”Gonna do a poker demo. Spectator deals out two poker hands. My hand is short. He gives me another card. Still short. Another card, still short. One more, and now too many! Give some back, still wrong. Finally I say forget it, we'll play gin!” Combine the two poker hands, and there are nine, need one more. Try over and over, always too many, or not enough. Finally get the hand right (ten cards). Have the spectator deal another ten cards to represent the second, opponents, hand. The count is right. Now, the cards across, three cards from my hand to his. This to demonstrate how cheats pass cards to improve their, or their partners, hand. Cards pass one at a time, and he covers his hand with both hands on the table. He counts the cards as each one is passed. Ends with the entire deck vanishing to appear under the spectator’s hands, which are still covering his gin hand, on the table! (Since the cards the partner passed aren't helping, might as well pick what he wants from the deck!)

Methods include some Victor, some Marlo, some Al Baker. Several different false counts, palming techniques (Erdnase, mostly), Vernon finesses, a Devant method for the loading of the extra cards for the cards across, etc.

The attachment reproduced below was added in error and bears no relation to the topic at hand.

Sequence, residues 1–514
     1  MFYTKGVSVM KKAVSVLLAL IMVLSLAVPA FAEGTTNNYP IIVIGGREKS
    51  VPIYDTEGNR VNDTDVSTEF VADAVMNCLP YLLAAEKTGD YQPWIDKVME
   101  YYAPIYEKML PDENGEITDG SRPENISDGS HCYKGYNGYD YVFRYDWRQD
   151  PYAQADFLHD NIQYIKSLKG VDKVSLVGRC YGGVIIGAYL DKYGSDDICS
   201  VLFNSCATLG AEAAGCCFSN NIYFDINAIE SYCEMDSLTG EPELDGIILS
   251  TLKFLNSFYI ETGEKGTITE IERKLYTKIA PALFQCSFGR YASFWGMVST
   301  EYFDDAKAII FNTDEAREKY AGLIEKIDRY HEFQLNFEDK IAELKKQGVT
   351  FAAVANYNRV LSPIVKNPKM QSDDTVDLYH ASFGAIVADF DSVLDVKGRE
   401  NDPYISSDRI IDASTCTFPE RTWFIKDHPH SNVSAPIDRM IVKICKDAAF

This is a long routine, but it moves right along, with lots of room for comedy, and lots of magic happening all the time. The Shields finish with the whole deck is a stunner, and anyone who has ever seen it done will tell you so. Vernon brought a cartful of magi from LA to Franks bar, (The Pony Club), in Oakland, just to see this trick! And let me tell you, the bar was no place you'd want to be, longshoreman and hookers, fights, cops, bodies strewn about, (this is not literary license, it is the truth - ask Biro!) It was ugly!

Nothing particularly hard about any of it, but there is a management aspect of the routine that is supremely important. I would love to hear what others have done, are doing, want to do with this trick. Anyone?

Best, PSC
"You can't steal a gift..." Dizzy Gillespie
jw_2101
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Yes the plot is really great. And its really one of the tricks that lets you "play" with the audience. Yes I do think the blindfold version in book 2 is good too. But the reversed selection in the book 1 version is really a strong ending. Just wondering if anybody had a solution to the "lack of clarity" issue?

regards,
Jonathan
He is no fool who would give what he cannot keep to gain what he cannot lose.